Companies have been dealing with a skill gap for many years–this is well known. And the COVID-19 pandemic only increased that skill gap. That’s because some old jobs were lost, at least temporarily, other new jobs were created, and people where changing their jobs either within the same organization or from one organization to another. And a host of digital and online skills became even more important than they were before COVID.
So that skill gap problem we’ve been talking about for a long time became even more pressing.
In this article, we thought we’d take a look at the skills gap problem, including how to address it, from the perspective of human performance improvement, or HPI. HPI is a performance-improvement methodology that includes but is not limited to training for potential solutions.
We hope you find the article helpful. Please share your own experiences and tips at the bottom in the comments section.
You should start by knowing what goals your organization is trying to achieve. Remember, it’s critical that learning and development professionals are aware of business goals and creating training and other performance-intervention solutions that support those goals.
And then, you need to know which skills are most important at your workplace to help the organization achieve its goals. Yes, to some degree, all skills are important, but some are more important than others and some are much more central to helping the organization achieve it’s goals.
So you’re going to want to (1) know what goals your organization wants to achieve; (2) identify the skills needed to help your organization achieve those goals; and (3) focus on helping workers develop those critical skills that help the organization achieve those desired results.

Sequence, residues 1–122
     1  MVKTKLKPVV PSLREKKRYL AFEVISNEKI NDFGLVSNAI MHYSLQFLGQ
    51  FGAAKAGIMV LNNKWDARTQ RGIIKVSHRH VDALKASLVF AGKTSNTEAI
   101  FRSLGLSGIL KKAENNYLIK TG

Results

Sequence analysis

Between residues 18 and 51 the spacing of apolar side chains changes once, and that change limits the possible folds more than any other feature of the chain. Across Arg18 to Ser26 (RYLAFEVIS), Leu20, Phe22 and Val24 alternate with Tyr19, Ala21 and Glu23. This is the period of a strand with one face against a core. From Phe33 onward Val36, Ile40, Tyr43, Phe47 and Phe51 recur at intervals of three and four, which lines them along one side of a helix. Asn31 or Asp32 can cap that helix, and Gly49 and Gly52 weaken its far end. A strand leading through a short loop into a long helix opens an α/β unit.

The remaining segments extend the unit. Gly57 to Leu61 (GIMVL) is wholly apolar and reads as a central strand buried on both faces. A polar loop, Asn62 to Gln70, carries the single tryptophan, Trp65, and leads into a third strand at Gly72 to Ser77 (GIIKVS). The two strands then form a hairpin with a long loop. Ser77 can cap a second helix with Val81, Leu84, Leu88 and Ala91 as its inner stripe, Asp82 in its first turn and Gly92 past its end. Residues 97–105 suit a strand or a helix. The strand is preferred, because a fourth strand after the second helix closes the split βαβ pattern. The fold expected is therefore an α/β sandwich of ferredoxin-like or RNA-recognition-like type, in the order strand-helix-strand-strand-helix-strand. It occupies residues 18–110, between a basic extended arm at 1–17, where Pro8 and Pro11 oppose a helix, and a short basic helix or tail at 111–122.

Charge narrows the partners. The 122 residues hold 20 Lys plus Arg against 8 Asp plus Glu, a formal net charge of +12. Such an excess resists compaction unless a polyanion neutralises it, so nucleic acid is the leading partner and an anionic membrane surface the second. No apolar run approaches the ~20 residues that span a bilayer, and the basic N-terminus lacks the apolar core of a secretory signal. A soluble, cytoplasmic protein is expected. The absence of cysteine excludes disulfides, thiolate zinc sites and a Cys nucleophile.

That means you may spend less time–or even none–helping employees develop skills that are less critical to the organization’s primary goals. And that’s OK–remember, it’s OK at times to let workers learn some things on their own through on-the-job experience or learn them from their coworkers when the need arises (read our article on the 70/20/10 workplace learning model for more on this idea).
It’s not enough to know what skills are needed at your workplace. You also need to know which workers need specific critical skills.
This comes through understanding the work processes at your workplace; through observing work as done; through talking with HR, supervisors, and employees about these issues; and perhaps even by playing a role along with others, such as HR and supervisors, in helping to determine tasks and needed skills for specific job roles or workers.
Of course, you also want to know what skills workers already have. That’s especially obvious when it comes to training, as you don’t want to design and develop training for workers to teach them skills they already possess.
Remember, the “A” in ADDIE is for analysis, and during analysis, you should be learning more about the workers, including but not limited to the skills they have and the skills they need.
If you know the most critical skills necessary to help the business reach its goals, and know what skills workers already have, now you can prioritize the design, development, and delivery of training to help workers acquire those skills (assuming that training is the appropriate solution).
One thing to think about: you can get a lot of bang for your training buck by nailing your new employee onboarding; helping people transition into new job roles smoothly; and helping people develop new, necessary skills when something changes as such (such as when you change a production process or introduce a new product).
We all need to know things to do our jobs at work and we all need to do things at work. But very few of us get paid just to know things. Instead, we’re paid to use that knowledge while performing job skills.